The wine menu is short, but nicely varied, with a large number of wines available by the glass, including two proseccos. Bubbly-lovers are particularly well catered for, with an additional list featuring seven indulgent Champagnes and sparkling wines available by the bottle only. Prices range from a small glass of house wine for £4.25 to a bottle of Bollinger le Grande Annee from 2004, which will set you back a cool £120. We opted for the Rio Alto Merlot, a rich and slightly spicy Chilean affair, which stood up well to the robust flavours of our main courses.
The service was speedy and friendly throughout the evening. A bit of settling-in will soon calm the nerves of some of the younger and less experienced members of staff. All-in-all, considering the restaurant had been open less than a week when we visited, the service was impressively fluent and I suspect it won’t be long before the front of house performance will be polished to perfection.
The main attraction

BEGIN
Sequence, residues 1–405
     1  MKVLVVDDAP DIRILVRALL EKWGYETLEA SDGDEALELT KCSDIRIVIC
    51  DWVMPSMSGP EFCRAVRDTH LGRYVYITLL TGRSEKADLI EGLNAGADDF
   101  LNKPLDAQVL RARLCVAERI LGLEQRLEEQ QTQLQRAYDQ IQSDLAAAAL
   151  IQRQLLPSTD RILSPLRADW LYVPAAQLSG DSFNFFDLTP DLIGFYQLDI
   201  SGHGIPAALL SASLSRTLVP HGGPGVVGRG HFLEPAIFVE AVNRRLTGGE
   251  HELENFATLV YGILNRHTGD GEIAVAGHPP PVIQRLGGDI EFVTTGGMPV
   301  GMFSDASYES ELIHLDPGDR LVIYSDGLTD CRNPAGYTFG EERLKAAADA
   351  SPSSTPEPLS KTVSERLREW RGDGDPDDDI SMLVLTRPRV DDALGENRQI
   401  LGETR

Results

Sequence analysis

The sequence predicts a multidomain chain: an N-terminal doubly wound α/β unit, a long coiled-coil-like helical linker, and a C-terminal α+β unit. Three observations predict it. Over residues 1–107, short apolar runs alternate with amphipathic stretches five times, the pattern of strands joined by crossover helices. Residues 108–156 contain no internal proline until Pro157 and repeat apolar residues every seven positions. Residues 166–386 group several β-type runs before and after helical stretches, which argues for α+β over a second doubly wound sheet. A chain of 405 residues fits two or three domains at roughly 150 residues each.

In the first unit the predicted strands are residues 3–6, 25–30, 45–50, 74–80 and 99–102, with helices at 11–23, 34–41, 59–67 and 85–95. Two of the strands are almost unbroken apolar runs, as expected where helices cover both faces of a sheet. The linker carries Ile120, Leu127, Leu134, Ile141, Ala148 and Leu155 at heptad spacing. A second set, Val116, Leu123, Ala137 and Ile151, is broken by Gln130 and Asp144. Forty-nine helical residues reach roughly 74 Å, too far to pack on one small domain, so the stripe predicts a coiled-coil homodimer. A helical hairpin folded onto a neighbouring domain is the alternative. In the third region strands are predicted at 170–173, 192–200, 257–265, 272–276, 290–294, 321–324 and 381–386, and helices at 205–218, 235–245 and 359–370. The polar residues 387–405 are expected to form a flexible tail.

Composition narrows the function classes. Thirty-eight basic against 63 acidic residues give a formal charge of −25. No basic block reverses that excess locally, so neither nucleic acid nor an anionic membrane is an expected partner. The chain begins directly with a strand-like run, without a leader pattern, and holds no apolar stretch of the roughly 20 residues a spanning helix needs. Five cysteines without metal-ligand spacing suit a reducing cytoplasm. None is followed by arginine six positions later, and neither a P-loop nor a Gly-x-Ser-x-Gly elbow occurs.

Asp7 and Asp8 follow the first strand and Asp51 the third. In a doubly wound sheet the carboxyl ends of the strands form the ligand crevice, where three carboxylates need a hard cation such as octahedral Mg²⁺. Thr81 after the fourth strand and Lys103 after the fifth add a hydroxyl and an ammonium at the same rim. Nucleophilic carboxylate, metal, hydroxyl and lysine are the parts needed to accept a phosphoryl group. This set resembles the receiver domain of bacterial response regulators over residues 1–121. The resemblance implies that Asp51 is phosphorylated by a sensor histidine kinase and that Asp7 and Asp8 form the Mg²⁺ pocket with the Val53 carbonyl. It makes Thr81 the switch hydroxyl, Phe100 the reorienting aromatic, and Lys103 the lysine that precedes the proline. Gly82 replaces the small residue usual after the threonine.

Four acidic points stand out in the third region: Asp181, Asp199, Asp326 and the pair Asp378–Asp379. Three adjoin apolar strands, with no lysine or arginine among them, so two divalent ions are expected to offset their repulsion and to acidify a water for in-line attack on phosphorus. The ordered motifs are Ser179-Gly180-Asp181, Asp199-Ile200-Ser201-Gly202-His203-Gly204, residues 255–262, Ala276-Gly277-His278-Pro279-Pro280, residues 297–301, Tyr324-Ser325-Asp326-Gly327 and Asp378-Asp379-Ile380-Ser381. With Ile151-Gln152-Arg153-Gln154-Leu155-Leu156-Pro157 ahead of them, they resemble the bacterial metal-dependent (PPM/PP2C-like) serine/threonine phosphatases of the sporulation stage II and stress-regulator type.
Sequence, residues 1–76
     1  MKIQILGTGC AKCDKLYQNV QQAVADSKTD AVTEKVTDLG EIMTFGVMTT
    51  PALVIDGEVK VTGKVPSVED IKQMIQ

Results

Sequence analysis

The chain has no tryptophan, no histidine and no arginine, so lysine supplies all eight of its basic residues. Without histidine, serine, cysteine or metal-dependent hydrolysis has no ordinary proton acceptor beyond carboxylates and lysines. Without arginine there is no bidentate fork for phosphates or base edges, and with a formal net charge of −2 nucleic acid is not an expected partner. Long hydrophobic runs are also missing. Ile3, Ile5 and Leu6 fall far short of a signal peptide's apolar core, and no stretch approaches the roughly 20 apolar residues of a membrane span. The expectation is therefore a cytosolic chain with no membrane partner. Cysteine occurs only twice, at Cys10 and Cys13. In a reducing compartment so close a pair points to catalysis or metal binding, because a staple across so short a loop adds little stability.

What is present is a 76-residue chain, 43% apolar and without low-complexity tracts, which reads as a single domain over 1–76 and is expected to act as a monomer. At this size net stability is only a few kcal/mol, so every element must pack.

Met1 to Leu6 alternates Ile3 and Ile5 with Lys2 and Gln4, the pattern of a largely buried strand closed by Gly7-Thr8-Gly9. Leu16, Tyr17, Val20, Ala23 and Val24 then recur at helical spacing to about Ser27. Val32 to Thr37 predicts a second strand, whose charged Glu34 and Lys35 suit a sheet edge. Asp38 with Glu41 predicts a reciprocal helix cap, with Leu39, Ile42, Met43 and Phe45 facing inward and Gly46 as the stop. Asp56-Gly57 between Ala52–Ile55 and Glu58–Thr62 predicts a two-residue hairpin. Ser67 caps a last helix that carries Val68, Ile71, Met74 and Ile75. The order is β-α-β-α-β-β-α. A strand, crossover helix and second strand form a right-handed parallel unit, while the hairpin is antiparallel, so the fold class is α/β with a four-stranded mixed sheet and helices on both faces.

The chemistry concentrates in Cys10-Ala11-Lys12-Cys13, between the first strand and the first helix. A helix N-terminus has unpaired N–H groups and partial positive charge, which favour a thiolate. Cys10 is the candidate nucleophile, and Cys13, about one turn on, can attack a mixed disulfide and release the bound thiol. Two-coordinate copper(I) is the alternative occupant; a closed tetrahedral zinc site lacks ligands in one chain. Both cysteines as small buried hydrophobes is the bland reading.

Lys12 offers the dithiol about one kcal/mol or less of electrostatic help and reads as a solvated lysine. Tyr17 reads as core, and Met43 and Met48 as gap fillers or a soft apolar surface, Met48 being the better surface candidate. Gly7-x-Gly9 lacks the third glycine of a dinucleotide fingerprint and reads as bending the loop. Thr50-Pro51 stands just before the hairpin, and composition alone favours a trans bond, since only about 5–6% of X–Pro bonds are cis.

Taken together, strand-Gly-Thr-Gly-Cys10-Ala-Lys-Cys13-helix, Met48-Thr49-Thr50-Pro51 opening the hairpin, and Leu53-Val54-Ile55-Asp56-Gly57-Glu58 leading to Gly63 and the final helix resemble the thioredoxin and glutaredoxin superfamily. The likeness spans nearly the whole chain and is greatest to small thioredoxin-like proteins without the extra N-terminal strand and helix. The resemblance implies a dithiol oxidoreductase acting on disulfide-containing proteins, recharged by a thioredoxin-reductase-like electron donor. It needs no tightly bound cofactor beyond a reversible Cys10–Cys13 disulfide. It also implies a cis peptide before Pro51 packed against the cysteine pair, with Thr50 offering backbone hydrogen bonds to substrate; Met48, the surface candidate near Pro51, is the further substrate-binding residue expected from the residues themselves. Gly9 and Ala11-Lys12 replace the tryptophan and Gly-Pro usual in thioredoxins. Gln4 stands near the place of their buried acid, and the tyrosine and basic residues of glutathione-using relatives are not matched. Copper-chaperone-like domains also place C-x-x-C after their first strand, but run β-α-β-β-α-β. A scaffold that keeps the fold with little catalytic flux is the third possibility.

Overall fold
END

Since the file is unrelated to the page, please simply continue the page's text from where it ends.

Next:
For my main I had pork belly with chorizo mash potato, served with cream kale, black pepper honey and black pudding flapjack. I had sampled both the pork belly and the flapjack in canapé form and they were both delicious so I was really pleased to see this dish on the menu. I love food with really punchy, strong flavours and this really fit the bill. Salty, savoury and juicy, the pork was everything you’d want it to be, and it was perfectly accompanied by the mash and kale. The portion was hefty, which is no bad thing, but I felt that the plate was a little crowded. Much as I enjoyed the flapjack on its own, for me it didn’t add anything to the dish as a whole, and I feel it would have been a more balanced and attractive plate without it.
Meanwhile, Will tucked into a crab and lobster claw burger with dill and lemon creme fraiche. Simply served, on a rustic board with the chips in a little pot to the side, it was a nice looking plate of food. The robust flavours were once more in evidence, along with soft, tasty bread and a beautifully cooked, moist burger crammed full of rich, tasty seafood.
There are a selection of side dishes available to supplement your meal, including garlic and rosemary chips and rocket and parmesan salad. The size of the portions is such though that only the hungriest of diners will need any of these extras!